Government 95% Mortgage Guarantee Scheme sees low uptake

Despite ever-increasing house prices and rising interest rates, Government statistics show that just 12,388 mortgages have been completed since the scheme’s launch in April 2021 to 31 December 2021, with the total value of mortgage loans at £2.2bn.

Karen Noye, mortgage expert at Quilter, said: “First-time buyers are facing a disastrous raft of issues at the moment having suffered with ever-increasing house prices, inflation eating away at their deposits, a rise in the cost of living disrupting their ability to save and now successive interest rate hikes.

“It is therefore somewhat surprising to see that only 12,388 mortgages have been completed with the help of the Mortgage Guarantee Scheme, which should be acting as a lifeline for those struggling to get on the housing ladder.

“The popularity of the scheme has now picked up with around 5,853 more deals being completed in the three months from October to December 2021 compared to 6,535 in the six months of April to September.

“However, part of the reason the take up has been modest at best is because lenders saw the gap in the market far before the government offered the scheme and started offering their own 95% mortgage products.

“For example, Nationwide has a helping hand product, which boosts the borrowing power of first-time buyers and other lenders have similar products to help those looking to get a deal in the high loan to value area.

“Another potential reason for the low take-up is that first-time buyers face such an uphill struggle to get on the housing ladder that the ‘Bank of Mum and Dad’ is playing a huge part in boosting first-time buyer deposits enabling them to take out lower LTV deals.

“Interestingly, 14% of all mortgages completed using the government scheme are not first-time buyers showing that it is proving relatively popular amongst other borrowers, which may illustrate that it is not just first time buyers who are struggling with housing costs.

“As interest rates increase and people’s finances look less stable against a backdrop of a cost of living crisis, lenders may start to take advantage of the scheme which would compensate participating mortgage lenders for a portion of net losses suffered in the event of a repossession. The guarantee applies down to 80% of the purchase value of the guaranteed property covering 95% of these net losses.”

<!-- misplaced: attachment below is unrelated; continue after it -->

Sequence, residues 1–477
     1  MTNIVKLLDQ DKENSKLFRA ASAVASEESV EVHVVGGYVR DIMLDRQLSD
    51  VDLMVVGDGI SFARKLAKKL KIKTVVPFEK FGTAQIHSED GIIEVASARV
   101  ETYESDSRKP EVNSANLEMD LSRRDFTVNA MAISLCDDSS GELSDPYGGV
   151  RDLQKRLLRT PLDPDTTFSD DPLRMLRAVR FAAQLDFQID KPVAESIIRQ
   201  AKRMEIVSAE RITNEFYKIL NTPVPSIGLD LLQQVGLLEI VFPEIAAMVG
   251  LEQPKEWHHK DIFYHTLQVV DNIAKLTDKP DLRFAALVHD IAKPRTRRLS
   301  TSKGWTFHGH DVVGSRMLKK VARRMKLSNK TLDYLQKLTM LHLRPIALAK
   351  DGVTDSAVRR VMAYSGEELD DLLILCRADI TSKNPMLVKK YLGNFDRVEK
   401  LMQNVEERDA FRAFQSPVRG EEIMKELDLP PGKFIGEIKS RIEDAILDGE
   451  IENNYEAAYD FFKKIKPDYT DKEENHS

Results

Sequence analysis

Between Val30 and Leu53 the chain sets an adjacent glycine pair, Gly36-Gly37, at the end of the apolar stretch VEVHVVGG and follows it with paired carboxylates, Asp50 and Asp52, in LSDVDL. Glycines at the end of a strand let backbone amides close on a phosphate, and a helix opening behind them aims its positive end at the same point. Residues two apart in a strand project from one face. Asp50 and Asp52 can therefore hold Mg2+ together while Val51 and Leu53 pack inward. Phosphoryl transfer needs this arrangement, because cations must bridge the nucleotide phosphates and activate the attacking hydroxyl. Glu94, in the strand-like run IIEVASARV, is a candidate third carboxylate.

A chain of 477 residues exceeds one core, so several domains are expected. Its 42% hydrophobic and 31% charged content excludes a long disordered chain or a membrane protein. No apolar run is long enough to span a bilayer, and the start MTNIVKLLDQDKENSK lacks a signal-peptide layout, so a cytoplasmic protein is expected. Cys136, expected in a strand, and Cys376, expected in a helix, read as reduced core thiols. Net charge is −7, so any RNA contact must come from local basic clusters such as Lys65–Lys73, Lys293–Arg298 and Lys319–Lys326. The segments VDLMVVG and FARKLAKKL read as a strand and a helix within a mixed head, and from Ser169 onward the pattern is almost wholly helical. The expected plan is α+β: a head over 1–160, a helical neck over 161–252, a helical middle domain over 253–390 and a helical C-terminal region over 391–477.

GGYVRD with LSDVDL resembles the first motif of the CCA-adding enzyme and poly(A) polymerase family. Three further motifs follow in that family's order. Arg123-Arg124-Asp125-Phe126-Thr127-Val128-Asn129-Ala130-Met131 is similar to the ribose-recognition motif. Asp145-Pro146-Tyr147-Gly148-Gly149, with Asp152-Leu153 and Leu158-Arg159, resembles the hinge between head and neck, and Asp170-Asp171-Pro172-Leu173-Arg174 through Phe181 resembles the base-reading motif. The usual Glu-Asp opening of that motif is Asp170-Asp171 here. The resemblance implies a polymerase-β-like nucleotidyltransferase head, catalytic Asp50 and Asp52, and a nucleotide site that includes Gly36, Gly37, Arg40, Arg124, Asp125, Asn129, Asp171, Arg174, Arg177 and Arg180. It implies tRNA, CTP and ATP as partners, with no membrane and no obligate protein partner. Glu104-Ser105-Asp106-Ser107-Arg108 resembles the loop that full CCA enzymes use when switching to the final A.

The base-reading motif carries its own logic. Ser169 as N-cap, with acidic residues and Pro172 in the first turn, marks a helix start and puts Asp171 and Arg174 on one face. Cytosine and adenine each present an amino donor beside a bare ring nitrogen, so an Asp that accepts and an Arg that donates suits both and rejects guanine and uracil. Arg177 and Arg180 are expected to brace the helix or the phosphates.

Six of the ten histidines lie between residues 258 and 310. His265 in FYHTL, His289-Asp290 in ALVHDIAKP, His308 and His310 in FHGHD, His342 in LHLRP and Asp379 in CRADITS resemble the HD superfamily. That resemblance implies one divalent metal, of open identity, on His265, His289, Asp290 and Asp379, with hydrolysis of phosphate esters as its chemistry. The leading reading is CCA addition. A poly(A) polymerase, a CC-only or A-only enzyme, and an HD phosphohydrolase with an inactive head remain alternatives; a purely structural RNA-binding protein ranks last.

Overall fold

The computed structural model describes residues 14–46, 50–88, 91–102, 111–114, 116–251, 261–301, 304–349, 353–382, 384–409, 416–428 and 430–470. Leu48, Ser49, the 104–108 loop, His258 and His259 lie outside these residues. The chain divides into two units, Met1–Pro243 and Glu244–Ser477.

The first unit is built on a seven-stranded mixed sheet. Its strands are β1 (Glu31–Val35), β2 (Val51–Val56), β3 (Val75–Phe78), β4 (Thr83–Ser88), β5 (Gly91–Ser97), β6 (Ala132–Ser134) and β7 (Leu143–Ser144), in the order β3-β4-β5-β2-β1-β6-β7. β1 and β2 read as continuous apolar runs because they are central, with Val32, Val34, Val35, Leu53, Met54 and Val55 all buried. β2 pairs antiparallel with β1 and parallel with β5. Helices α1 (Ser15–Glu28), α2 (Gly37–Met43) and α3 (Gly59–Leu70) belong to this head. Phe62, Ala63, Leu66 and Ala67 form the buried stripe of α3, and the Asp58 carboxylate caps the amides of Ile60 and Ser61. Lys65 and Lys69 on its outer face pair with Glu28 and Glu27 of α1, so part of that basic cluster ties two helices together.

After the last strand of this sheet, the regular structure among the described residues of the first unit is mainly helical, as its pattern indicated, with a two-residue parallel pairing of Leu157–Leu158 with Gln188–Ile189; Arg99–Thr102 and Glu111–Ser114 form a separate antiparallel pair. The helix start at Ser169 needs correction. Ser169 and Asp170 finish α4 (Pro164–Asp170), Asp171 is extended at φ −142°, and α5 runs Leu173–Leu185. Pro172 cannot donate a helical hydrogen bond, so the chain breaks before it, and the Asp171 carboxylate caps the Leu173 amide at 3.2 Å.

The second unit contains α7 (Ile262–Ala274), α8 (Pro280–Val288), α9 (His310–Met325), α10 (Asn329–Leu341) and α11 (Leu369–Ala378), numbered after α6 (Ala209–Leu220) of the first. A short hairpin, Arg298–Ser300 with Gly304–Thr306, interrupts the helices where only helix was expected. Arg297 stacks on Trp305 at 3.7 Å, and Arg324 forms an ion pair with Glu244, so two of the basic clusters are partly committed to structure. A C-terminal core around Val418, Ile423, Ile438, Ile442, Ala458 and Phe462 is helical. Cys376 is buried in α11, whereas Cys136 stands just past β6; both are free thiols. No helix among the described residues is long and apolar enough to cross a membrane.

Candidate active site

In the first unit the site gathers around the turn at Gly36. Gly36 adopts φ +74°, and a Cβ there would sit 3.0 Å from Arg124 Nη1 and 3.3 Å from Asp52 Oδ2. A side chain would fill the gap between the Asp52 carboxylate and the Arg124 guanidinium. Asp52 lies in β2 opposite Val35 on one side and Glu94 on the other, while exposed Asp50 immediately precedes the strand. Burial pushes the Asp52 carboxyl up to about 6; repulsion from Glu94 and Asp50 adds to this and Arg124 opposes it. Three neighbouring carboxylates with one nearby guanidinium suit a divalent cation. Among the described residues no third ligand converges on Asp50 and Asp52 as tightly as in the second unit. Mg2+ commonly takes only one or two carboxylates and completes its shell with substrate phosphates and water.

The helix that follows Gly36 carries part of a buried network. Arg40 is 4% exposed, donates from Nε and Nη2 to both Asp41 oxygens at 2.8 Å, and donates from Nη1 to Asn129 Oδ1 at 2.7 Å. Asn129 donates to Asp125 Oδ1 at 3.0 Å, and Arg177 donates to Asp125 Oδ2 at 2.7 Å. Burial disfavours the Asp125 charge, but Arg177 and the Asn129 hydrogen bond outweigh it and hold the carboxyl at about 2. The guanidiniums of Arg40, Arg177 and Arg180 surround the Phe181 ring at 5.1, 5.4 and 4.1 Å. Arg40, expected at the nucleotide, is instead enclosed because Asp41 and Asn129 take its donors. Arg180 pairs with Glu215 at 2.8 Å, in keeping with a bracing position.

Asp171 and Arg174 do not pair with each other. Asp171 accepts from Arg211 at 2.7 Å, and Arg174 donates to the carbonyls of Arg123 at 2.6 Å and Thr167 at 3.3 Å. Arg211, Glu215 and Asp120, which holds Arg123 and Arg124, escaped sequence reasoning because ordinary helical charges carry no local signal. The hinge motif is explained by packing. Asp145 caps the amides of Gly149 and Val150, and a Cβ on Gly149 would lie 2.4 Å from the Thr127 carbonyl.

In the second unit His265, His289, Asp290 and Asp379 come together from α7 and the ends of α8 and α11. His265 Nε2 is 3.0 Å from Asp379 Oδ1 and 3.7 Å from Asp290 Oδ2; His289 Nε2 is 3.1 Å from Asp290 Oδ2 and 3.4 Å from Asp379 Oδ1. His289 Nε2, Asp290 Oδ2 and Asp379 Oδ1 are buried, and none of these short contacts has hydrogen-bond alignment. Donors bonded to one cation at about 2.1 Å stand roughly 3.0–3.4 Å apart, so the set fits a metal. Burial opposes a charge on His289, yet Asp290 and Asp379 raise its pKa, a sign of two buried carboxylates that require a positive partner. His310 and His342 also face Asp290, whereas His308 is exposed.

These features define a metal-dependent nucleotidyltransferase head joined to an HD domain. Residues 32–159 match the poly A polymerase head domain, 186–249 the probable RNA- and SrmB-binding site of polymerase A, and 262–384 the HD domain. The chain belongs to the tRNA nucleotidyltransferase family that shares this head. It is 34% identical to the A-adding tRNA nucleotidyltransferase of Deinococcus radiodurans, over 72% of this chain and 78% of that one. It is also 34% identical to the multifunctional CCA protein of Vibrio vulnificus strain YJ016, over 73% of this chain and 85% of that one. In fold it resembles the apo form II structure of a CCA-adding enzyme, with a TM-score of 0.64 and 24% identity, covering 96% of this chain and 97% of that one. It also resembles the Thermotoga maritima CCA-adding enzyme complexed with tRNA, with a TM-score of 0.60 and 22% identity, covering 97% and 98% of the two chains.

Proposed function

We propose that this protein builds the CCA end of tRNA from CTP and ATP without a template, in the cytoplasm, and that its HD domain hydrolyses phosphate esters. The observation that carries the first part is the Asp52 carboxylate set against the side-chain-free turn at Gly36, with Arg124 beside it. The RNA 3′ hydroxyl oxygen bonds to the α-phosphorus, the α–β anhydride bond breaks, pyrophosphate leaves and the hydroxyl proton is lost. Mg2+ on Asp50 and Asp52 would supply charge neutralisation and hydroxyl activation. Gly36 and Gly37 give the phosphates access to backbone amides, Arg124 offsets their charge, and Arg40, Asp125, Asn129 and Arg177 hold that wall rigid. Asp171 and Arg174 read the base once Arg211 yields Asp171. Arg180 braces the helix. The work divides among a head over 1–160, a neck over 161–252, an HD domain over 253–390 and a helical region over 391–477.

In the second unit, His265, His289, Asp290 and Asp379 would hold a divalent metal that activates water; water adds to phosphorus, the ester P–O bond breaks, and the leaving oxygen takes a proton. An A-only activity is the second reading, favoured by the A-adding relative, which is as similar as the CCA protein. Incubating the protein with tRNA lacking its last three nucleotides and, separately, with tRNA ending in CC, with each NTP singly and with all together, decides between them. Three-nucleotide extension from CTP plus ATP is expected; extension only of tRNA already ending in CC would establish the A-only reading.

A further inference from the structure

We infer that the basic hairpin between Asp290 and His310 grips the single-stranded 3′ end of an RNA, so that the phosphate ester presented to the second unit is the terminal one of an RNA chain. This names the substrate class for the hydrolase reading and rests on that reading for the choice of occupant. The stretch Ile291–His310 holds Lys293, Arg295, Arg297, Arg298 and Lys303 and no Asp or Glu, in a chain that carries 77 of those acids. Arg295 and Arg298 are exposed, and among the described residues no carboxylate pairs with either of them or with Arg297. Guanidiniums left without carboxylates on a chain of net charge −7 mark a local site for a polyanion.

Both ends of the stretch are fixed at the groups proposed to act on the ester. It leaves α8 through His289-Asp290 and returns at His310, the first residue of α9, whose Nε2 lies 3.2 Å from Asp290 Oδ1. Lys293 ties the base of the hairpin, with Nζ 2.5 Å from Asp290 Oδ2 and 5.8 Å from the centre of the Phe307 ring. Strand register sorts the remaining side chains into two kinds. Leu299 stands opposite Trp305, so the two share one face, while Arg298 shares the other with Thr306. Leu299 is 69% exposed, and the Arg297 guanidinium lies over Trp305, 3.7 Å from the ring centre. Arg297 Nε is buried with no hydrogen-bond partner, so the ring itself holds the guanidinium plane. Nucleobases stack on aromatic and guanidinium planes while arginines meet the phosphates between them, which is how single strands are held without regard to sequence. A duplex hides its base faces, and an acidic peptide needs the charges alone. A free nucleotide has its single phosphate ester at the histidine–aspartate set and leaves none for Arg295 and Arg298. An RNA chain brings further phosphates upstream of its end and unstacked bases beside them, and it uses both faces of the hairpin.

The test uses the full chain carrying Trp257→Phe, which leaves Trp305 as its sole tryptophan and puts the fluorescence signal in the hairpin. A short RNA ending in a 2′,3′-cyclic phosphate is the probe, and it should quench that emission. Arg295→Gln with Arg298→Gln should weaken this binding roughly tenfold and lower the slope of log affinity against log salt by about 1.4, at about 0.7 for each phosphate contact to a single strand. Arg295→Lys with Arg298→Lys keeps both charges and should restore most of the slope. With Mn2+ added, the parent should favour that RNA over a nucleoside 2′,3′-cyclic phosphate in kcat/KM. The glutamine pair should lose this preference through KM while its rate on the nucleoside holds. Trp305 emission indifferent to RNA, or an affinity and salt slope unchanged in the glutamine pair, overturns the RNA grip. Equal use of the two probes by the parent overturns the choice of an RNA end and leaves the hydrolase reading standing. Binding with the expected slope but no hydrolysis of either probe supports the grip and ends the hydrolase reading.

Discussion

Help to Buy ISA statistics show that since its inception, the scheme has supported 480,494 property completions, up 19,927 on the previous quarter. The Help to Buy Equity Loan scheme statistics on the other hand, show that the scheme has supported 355,634 property completions since its 2013 inception, 8,913 of which completed in the final quarter of 2021 – a 41% drop compared to the same period in 2019.

The majority of home buyers using the Help to Buy ISA scheme are aged between 18 and 34, with 65.3% aged between 25 and 34.

The median age of a first-time buyer using the scheme remains at 28, which is two years younger than the average first-time buyer age across the market of 30. While the schemes are well-meaning, the figures show just how few first-time buyers are actually supported by them. House prices have soared dramatically over the past couple of years, yet the mean value of a Help to Buy purchase price remains at just £175,849 compared to an average first-time buyer house price of £228,627 and a national average house price of £274,712.

Noye added: “The frustrations of first-time buyers are still widely felt, and the recent Bank of England interest rate hikes have only served to worsen their position.

“Cheap mortgage rates are fast becoming a thing of the past, and first-time buyers will struggle once more to take that first step onto the housing ladder as they are priced out of the market.

“What’s more, house prices have continued to rise for far longer than had initially been anticipated, which leaves first-time buyers playing a game of cat and mouse. Just as they manage to save enough for a deposit, the cost of their first home is moved just out of reach once more.

“The Government needs to plough its energy into building more housing stock rather than more schemes as this will truly go to the root of the issue.”

The total value of Help to Buy: Equity Loan stands at £22bn and the value of the properties sold under the scheme total £99bn.

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